How to Return Your Marriage for a Refund
WHY YOU SHOULD CARE
This is how the Roman Catholic Church can stay relevant.
By Nathan Siegel
It’s happened to all of us: You buy something online — maybe a pair of jeans or a juicer — but when it arrives it isn’t quite what you wanted. (Since when does “slim fit” mean “so tight you’ll live with a perpetual wedgie?”) Luckily, modern day brands know the value of happy customers, so they process full refunds with a smile on their face. But it wasn’t a big retail chain that pioneered returns: It was the Roman Catholic Church with marriage annulments. And where and how many people around the world are having buyer’s remorse might surprise you, too.
The United States still leads (or trails?) the way, with almost half of all marriage take-backs in the world, according to Charles Reid, a professor of law at St. Thomas University in Minnesota, who cites the Catholic Church’s statistical yearbook. But since the ’90s, American annulments have fallen off a cliff, from 72,308 in 1990 to 24,010 in 2012:
Percent that American annulments have fallen from 1990 to 2012
Hallelujah, Americans must be getting divorced far less, right? Eh, not so much. Credit not just the younger generation’s hesitation to get married in the first place, but also a big trust issue with clergy, courtesy of rampant and well-publicized pedophilia scandals, Reid says. The States were also issued exceptional rules, and have more lawyers and clergy to accommodate divorcées back into the church. The result: More than 90 percent of annulment petitions are granted.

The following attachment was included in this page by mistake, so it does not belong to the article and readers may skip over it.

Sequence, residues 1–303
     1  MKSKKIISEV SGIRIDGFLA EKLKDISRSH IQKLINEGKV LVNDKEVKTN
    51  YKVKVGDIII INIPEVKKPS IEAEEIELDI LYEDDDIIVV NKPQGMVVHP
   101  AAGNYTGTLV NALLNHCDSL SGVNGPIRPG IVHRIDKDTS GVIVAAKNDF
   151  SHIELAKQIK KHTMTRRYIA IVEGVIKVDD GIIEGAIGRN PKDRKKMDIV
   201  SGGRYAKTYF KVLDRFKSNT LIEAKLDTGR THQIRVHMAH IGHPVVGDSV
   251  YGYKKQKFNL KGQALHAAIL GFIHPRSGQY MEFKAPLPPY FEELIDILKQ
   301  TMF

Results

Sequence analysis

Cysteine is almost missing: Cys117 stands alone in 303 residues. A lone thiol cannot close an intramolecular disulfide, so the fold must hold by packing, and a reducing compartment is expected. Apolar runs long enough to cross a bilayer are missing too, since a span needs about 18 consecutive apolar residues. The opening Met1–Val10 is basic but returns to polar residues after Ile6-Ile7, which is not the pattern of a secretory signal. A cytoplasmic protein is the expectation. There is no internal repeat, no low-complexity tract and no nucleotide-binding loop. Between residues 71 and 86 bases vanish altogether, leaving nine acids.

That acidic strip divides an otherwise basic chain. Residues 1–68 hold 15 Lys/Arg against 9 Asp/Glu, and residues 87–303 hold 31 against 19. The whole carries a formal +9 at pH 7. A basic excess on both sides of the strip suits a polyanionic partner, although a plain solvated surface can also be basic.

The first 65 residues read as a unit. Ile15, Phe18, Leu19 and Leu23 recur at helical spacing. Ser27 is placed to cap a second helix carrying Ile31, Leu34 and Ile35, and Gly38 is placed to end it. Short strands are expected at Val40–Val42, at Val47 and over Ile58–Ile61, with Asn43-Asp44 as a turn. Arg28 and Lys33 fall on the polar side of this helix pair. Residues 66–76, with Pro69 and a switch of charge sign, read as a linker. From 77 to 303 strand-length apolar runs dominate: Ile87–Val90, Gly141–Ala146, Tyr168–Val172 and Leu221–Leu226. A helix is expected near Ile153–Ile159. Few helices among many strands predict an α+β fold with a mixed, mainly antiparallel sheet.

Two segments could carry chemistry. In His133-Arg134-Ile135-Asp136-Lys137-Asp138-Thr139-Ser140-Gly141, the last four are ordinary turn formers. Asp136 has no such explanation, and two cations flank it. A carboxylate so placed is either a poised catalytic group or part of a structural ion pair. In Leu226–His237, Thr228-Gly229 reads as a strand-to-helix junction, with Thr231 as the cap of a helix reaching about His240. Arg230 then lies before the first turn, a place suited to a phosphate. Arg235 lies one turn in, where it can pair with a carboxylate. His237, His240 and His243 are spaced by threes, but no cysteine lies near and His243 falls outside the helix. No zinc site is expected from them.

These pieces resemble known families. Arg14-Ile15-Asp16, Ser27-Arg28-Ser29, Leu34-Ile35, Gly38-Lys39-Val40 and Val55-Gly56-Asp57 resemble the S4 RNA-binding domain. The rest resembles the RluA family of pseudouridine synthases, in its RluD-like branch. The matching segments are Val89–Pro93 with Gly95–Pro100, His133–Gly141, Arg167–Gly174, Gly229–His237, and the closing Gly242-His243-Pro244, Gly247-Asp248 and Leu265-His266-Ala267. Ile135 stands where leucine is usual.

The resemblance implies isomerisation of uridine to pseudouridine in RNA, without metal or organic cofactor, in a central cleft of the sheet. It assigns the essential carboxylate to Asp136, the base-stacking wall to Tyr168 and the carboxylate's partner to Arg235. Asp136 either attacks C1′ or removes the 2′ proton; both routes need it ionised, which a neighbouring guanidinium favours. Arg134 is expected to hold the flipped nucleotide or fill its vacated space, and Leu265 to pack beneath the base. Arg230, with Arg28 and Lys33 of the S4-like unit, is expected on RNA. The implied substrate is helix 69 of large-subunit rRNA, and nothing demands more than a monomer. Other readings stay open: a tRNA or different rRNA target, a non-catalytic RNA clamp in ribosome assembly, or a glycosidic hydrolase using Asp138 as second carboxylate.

In which case, you wouldn’t necessarily expect Poland to have the second highest incidence of annulments. The almost exclusively Catholic nation has a pretty harsh view on divorce, even going as far as likening it to pedophilia in its harmfulness to children. Nonetheless, over 2,000 annulment petitions were filed in 2012, which put it at half of the American rate. One possibility: In a country of 90-plus percent Catholics, there are not many other places for divorced (and thus frowned upon) believers to turn to God.
And then there’s Ireland. Out of a nation of 3.6 million Catholics, 327 annulments were filed in 2012. Why so few? It’s “shocking” considering 87,000 are divorced, says Reid. Again, credit mistrust of clergy caused by pedophilia scandals and general skepticism of marriage and religion itself, he says.
Fearing a mass exodus of divorcées from the church, Pope Francis has his eye on reforming the annulment process by making it quicker, cheaper and more accessible. He might even consider abolishing it altogether, like the Greek Orthodox Church has, suggests Reid. But the former is far more likely.
Until then, there are always other options for ex-lovers, like independent Catholic denominations, which have about 20,000 faithful in the States alone. One of the main reasons believers join the Ecumenical Catholic Communion, the largest independent denomination, is because they’ll marry divorced people, Francis Kebs, the church’s presiding bishop told OZY. “It’s people who feel excluded in sexual preference, gender or marriage history who are most attracted to us,” he says. Doesn’t really need a return policy at all, huh?